It's been a long and winding road, but after countless tears, tantrums and dramatic eliminations, we've reached the final performance show of The X Factor. Our top three contestants sang for a 5 million-dollar recording contract and the hearts of the American public -- or approximately 12 million of them, anyway.
Best of all, midway through the episode, I realized that I don't actually care who wins; not because the performers are mundane or because everyone I was rooting for has already been eliminated, but because all three finalists seem to be genuinely gracious, humble and -- most importantly -- talented individuals. They each deserve the life-changing opportunity one of them is about to receive. If winning were based on technical ability and vocal range alone, Melanie Amaro would have been crowned the champion weeks ago; but Chris Rene's presence in the top three is proof that carrying a tune isn't everything.
On The X Factor, success seems based on a contestant's story as much as on the ability to belt out a ballad or get a crowd on its feet, which makes tomorrow night's finale impossible to call. Each remaining artist has a relatable journey: Chris' battle with drug addiction; Melanie's tumultuous home life and struggle with bullying; and Josh's years spent slinging burritos and couch-surfing as he pursued his dreams. It's likely that whoever walks away with The X Factor crown tomorrow will be the contestant whose story connected with audiences the most -- something that may irk purists who believe it's all about the voice (which is probably why NBC created "The Voice").
If we're basing success on the inexact science of Twitter followers, Melanie will sneak ahead of Chris by a slim margin, while Josh will place a distant third -- but that all depends on whether a contestant's fans are social media savants or simply masters of telephone voting.
But how did the top three stack up in their final performances, and will the judges' gushing comments help or hinder their chances with voters?
As Simon succinctly pointed out during judging, Josh seemed totally intimidated during his duet of "Uninvited" with Alanis Morissette. Plus, his solo portion of the song was weak, lacking the usual power and conviction he tends to imbue his performances with. I get that singing with legendary artists (or Avril Lavigne) must be daunting for any newbie, but after weeks of working the stage -- and a chance to practice with said artists earlier in the day -- it seems a little too easy to let the contestants off the hook for their nervousness. As we're constantly being reminded, this is a 5 million-dollar recording contract, so it shouldn't be too much to ask for everyone to bring their A-game at this point of the competition. Luckily for Josh, all three finalists were guilty of nerves this week, and he held his own in the harmonies far better than Chris did with Avril. Josh sounded a little too much like he was auditioning to be the new frontman for Lifehouse for me to be blown away by the performance, especially because his individuality has always been his best asset. But it wasn't terrible.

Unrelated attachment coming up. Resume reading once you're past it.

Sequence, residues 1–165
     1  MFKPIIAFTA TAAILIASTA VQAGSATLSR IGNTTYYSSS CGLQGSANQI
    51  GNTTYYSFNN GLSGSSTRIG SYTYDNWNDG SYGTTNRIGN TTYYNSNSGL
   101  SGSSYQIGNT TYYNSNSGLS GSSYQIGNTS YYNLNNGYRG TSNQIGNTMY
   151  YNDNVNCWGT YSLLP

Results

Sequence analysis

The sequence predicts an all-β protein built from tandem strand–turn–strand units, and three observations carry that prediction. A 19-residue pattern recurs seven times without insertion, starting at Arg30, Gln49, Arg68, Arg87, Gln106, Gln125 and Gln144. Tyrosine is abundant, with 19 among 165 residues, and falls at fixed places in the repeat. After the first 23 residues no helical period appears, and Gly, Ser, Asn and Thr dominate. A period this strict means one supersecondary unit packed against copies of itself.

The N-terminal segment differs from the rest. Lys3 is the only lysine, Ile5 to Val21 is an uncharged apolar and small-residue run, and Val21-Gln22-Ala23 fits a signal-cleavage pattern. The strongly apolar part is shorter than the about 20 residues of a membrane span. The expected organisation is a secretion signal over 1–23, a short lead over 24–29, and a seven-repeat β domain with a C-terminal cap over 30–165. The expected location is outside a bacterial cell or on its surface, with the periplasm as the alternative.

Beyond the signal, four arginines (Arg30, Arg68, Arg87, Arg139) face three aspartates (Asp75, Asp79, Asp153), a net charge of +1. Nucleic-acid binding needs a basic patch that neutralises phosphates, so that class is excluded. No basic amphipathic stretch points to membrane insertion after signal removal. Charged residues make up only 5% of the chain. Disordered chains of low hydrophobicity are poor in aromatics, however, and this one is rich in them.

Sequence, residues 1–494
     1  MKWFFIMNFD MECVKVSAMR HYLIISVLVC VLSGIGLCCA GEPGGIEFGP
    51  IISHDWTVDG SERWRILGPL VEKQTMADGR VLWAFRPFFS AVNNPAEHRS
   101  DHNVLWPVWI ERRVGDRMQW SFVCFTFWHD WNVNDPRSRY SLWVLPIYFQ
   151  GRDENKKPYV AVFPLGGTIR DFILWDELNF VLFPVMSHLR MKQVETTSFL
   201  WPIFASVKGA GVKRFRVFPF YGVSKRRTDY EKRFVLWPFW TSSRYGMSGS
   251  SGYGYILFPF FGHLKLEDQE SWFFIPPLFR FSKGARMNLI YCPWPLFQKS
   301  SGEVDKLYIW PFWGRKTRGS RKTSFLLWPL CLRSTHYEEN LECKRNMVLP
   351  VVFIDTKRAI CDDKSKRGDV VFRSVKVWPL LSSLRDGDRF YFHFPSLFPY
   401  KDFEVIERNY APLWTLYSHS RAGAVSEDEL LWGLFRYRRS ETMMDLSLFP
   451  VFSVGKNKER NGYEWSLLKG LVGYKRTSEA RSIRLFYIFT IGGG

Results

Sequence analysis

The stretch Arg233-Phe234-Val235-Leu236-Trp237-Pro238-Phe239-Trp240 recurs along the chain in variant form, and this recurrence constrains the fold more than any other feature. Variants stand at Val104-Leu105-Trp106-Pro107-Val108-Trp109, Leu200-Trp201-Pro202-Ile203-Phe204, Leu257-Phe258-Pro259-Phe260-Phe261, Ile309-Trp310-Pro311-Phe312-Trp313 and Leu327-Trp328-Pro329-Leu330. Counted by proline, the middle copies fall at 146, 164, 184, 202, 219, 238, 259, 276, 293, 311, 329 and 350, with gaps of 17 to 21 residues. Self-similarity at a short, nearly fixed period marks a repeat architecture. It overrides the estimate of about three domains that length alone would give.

His second song, "At Last," was more of a return to form. The bluesy and husky rendition of the classic was a stripped-down arrangement that was complemented by his acoustic guitar. I could totally picture Josh strolling around the stage of a sold-out theater (maybe not an arena) with a song like this, and I do think that, in terms of recording a consistently satisfying album that would be polished enough to drop tomorrow, Josh is probably the most "ready" of the finalists. L.A. told him that he looked at home on the stage and called him a rock star, while Paula called him "authentic" and "kind-hearted."
What Chris lacks in vocal range (and I hope we can all agree that he is sorely lacking in that department), he makes up for with charisma, heart and an undeniable talent for songwriting. Given that the "Glee" kids have made Billboard chart history with the help of autotune, it's obvious that inconsistent singing isn't a hindrance in the music industry these days. But I still feel that a victory for Chris would be more of a sympathy vote than a reflection of true musical talent. That being said, his original songs are catchy and heartfelt, and if he's allowed to release an album full of his own compositions -- since he doesn't seem to be able to emotionally connect to lyrics he doesn't write -- I would count on it being a hit. He wouldn't be able to sell out an arena based on his live performances on The X Factor, but in a recording studio? I'm sure Simon is already seeing dollar signs.